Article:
Businesses have been warned that in order to thrive in a low-carbon future they must first "navigate a mosaic of global realities", that has seen water scarcity hit a variety of regions and threaten to destabilise infrastructure [...] that is the warning from the third annual Earth Security Index (ESI 2016) – released on behalf of the Earth Security Group - The report warns that businesses must align themselves to societal priorities in the countries that they operate as part of a new “business diplomacy for sustainable development”.
The Chinese government is keen to build up its “soft power” to compete against the globally dominant cultural exports of the US. But there’s just one problem. After years of trying, China has yet to develop its own popular versions of Mickey Mouse, the Marvel Comics heroes and the other globally-known characters and products that allow Disney to market “Disneyland” as an immersive, universal experience.
President Park Geun-hye will become the first South Korean president to visit Iran as she departs for Tehran on Sunday morning. [...] As is customary now, President Park will also encourage Korean nationals living in Iran and attend a cultural exchange event showcasing Korea and Iran's traditional assets...
As part of its marketing, Sodastream created a campaign to show the cooperation between Arabs and Jews in the factory. In its initial phase, the company posted several untranslated versions to Facebook. But after requests from the Swedish and Jordanian embassies – which wanted to use it for their public diplomacy efforts – Sodastream translated the clips to English and Arabic and paid for their promotion.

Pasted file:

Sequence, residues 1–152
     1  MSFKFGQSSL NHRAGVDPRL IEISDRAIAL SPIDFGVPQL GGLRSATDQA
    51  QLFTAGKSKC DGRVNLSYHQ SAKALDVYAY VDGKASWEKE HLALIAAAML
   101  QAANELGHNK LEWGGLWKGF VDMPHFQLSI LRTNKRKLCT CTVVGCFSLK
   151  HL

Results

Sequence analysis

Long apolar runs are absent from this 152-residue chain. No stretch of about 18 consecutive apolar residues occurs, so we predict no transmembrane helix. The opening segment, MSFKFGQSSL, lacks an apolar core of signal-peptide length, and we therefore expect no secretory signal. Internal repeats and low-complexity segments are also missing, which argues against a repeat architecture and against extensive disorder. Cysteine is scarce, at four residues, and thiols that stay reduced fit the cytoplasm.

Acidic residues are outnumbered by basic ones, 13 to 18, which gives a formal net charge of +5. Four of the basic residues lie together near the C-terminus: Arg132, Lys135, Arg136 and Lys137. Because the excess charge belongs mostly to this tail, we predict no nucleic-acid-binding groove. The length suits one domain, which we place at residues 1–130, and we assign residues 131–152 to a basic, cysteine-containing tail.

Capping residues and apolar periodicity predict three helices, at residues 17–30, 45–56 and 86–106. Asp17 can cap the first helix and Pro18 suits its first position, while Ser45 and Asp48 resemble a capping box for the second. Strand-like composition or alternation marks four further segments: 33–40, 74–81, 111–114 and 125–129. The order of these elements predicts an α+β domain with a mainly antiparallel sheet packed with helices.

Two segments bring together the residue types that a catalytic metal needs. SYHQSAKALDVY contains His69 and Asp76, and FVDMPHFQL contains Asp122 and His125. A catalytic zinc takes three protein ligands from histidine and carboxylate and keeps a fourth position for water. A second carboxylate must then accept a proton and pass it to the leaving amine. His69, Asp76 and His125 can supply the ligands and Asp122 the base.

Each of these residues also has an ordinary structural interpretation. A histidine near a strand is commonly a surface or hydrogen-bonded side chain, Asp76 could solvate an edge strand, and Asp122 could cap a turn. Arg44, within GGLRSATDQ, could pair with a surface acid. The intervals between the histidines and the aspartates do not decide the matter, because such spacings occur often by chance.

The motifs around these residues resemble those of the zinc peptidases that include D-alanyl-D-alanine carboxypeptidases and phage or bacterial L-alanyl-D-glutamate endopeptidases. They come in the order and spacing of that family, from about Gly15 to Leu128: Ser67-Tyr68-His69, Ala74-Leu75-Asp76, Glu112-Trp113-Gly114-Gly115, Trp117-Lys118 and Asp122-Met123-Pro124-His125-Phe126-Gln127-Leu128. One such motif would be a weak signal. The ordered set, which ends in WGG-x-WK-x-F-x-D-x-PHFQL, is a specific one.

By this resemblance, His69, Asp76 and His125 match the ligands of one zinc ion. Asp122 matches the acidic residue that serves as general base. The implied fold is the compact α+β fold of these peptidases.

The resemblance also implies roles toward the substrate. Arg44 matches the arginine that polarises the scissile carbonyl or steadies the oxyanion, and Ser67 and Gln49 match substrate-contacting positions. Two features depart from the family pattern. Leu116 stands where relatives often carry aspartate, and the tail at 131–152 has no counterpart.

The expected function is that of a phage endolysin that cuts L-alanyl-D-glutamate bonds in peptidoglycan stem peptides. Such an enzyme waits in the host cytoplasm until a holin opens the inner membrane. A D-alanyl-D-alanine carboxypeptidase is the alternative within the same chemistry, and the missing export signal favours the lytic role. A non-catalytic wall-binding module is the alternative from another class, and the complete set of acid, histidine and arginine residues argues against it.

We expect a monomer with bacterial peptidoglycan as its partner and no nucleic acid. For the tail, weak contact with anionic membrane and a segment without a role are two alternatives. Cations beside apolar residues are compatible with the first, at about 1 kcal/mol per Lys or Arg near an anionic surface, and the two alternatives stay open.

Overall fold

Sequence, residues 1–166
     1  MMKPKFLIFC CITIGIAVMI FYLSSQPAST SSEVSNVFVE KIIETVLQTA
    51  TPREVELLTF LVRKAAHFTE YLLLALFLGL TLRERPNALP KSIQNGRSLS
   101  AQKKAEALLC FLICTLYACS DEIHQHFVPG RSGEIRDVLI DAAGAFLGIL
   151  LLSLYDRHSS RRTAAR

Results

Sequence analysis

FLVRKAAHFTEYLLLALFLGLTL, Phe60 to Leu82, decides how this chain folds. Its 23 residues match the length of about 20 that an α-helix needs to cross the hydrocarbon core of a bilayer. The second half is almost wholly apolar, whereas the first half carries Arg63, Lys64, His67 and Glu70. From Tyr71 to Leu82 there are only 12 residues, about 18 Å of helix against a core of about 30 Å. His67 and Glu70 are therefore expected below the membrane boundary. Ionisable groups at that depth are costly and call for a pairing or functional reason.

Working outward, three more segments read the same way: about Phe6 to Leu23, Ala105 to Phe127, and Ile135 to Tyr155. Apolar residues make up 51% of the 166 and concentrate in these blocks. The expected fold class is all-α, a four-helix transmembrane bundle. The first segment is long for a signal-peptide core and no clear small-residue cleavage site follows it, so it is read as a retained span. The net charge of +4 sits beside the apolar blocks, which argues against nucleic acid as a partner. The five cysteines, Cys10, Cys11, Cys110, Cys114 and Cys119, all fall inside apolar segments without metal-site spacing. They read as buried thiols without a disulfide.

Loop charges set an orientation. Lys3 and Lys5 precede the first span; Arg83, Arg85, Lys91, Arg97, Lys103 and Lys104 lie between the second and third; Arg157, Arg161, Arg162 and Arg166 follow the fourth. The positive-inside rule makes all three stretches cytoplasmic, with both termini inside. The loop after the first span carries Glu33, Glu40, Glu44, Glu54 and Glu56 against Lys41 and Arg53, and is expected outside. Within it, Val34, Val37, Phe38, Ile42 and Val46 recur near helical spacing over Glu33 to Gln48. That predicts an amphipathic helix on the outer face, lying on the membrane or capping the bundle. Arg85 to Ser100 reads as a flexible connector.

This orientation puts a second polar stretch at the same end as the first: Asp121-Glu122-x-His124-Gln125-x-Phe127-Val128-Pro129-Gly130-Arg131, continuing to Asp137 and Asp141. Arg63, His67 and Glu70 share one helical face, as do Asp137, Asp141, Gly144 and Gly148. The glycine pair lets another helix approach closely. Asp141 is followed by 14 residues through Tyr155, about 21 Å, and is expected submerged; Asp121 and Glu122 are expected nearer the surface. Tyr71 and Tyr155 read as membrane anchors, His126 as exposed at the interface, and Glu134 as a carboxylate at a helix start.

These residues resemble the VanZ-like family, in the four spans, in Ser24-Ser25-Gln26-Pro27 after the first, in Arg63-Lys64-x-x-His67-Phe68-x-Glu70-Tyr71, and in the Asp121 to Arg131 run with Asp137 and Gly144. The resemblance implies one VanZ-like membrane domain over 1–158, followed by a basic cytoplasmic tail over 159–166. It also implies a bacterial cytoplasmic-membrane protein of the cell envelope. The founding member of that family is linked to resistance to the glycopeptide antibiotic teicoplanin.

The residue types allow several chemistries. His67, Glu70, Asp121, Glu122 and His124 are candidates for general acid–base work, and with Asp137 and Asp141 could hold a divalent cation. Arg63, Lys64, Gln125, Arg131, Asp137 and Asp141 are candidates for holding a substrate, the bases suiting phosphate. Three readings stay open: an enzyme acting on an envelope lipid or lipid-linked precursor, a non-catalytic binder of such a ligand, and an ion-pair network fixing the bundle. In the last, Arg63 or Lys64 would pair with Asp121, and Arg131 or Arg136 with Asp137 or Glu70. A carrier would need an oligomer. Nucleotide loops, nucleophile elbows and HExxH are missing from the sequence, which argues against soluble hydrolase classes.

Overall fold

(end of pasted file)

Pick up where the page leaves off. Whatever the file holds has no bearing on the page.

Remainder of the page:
Liu Xi, Chairman of the Chinese Students and Scholars Association at Harvard Kennedy School, and chief organizer of the China trek project, says the trip to China will bring a better understanding between the Chinese and the American people in the near future.
The elephant in the room isn't the strong-arming of Chinese State-Owned Enterprises in The Bahamas but rather their inability to grapple with the culture shock of doing business in the Caribbean region.
Alibaba is but one example of China’s “private sector diplomacy.” These successful companies help promote a positive image of China’s economy to the outside world, something the government needs. China’s private sector diplomacy can also be felt in the expansion of its private companies on the global market.
The UN’s sustainable development agenda for the next 15 years can be used as a model for businesses. [...] “[The SDG] requires very big partnerships, and the growth engine of the world economy is business,” she said. Conversely, she pointed out, the SDGs have vast potential for improving the global business climate. By encouraging a “solid enabling environment”, she explained, they also provide the basis for corporate growth.